Do you wonder whether your child is a highly sensitive person? Does he or she show incredible imaginative or creative talent but struggle socially? Although it can be difficult to tell, there are quite a few signs that you can look out for in your child.
Being a highly sensitive person is neither good nor bad. Yes, some traits exhibited by highly sensitive people can be somewhat negative ones. Conversely, certain characteristics prevalent in highly sensitive people can be remarkable strengths that help them excel where others struggle.
A highly sensitive child is often more imaginative, empathetic, and creative. These traits are highly desirable, of course, but they often accompany other characteristics that make socialization more difficult.
Living with or being close to a highly sensitive person takes special care. If you want to cultivate healthy relationships with them, it is vital to understand the way highly sensitive people think. If you love a highly sensitive person, you have to give them what they need to thrive.
What does it mean to be a highly sensitive person (even a child)?
It is essential to understand that being a Highly Sensitive Person (HSP) is neither a mental disorder nor a medical diagnosis. Instead, it is a personality trait shared by between 15% and 20% of the human population. The scientific term for this trait, according to Dr. Elaine Aron, is Sensory-Processing Sensitivity (SPS).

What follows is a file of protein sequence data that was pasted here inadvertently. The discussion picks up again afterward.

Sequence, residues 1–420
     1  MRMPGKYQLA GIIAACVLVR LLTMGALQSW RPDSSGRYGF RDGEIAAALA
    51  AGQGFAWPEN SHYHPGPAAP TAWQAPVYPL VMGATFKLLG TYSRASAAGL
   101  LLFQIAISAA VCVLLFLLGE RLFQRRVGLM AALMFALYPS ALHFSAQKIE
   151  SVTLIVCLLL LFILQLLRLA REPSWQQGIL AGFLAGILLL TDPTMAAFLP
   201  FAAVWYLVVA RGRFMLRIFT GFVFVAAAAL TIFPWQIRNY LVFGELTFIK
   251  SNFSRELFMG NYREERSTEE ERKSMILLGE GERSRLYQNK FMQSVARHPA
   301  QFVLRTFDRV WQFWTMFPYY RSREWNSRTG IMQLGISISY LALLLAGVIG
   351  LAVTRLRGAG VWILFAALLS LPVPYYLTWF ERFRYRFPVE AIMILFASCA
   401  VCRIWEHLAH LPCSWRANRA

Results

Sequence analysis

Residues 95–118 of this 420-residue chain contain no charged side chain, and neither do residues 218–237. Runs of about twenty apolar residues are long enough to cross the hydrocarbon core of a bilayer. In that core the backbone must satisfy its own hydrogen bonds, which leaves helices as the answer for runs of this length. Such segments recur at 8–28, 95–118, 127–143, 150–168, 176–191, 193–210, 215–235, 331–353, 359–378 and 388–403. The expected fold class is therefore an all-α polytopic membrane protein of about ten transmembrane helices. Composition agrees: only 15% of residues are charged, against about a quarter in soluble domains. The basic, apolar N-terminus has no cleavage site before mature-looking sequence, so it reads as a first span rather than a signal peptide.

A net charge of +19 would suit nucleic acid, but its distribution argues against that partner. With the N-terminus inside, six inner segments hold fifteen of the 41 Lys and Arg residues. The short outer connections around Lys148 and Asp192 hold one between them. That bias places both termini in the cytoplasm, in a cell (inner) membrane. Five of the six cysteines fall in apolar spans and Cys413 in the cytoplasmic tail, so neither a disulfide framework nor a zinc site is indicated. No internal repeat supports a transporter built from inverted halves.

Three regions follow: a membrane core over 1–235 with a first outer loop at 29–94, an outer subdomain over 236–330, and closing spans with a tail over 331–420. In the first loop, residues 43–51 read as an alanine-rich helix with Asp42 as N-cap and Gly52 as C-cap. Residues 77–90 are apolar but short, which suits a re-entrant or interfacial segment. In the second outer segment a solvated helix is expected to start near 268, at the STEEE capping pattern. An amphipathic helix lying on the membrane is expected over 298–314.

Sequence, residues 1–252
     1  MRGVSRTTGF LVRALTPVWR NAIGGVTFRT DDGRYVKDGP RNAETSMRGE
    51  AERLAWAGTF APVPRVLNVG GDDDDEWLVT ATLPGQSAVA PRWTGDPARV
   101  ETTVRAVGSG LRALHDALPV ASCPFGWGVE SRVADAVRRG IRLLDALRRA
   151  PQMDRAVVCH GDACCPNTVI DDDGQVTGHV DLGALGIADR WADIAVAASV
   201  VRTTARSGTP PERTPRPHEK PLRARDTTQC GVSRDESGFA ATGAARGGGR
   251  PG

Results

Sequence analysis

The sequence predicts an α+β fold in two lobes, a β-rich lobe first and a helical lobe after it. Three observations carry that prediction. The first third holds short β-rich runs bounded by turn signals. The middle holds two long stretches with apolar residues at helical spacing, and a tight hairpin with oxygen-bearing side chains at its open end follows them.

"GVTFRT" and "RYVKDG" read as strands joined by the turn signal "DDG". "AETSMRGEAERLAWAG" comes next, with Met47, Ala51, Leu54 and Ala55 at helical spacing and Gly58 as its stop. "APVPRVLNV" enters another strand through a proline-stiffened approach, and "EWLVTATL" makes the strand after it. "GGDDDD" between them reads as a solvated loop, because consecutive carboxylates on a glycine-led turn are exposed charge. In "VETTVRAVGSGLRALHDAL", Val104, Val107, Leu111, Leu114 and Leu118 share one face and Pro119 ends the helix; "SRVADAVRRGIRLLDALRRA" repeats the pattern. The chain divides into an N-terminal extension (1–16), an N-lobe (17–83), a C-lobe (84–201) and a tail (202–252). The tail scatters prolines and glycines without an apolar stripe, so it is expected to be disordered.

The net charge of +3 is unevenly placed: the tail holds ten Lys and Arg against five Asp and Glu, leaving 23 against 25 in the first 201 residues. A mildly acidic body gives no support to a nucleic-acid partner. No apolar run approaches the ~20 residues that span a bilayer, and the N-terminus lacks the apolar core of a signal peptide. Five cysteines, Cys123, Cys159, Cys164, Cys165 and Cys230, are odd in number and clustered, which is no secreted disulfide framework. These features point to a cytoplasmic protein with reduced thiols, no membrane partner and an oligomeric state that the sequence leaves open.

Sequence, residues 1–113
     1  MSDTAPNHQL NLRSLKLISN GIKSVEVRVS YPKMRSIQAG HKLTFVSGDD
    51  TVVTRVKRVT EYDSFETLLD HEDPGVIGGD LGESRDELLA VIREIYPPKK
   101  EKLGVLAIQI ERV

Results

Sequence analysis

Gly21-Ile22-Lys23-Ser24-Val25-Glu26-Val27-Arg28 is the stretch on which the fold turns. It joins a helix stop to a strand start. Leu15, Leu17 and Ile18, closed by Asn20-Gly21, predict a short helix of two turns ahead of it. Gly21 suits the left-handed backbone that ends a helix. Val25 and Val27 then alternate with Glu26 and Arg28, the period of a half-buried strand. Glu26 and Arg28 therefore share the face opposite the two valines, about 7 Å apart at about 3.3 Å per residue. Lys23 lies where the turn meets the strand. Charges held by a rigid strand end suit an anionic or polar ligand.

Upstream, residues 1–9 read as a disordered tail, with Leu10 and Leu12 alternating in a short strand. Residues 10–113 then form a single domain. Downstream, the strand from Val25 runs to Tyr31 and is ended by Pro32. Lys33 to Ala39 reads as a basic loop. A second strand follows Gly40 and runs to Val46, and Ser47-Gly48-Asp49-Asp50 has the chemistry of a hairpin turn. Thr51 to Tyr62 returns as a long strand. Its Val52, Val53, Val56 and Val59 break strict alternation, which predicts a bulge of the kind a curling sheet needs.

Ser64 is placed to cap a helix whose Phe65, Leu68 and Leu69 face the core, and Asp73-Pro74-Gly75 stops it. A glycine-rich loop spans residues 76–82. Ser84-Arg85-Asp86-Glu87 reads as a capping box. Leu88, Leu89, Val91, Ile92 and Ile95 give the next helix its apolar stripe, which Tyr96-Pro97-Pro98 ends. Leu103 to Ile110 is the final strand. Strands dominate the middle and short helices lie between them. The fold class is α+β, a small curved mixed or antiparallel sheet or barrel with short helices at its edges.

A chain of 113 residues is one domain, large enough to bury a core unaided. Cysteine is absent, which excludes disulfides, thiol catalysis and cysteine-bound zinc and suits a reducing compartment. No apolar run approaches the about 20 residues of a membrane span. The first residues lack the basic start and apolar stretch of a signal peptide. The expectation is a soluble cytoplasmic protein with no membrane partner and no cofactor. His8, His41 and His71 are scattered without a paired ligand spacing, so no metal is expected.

If you do not fully understand the way their minds work, highly sensitive people can seem needy. But, nothing is further from the truth. It just takes a little bit of understanding. So here are ten ways that you can tell your child might be an HSP.
A highly sensitive child may exhibit one or more of the following characteristics.
10 Signs Your Child Might Be A Highly Sensitive Person
1. Your child seems to have a heightened response to stimuli
One of the main aspects of Highly Sensitive Persons (HSPs) is being easily overwhelmed. Loud noises, bright lights, and strong scents often cause HSPs to experience high levels of stress and tension.
HSPs tend to dislike multitasking. They typically get stressed when too many things are happening at once and prefer to compartmentalize. Conversations with too many participants, overflowing to-do lists, and large social gatherings tend to overwhelm HSPs.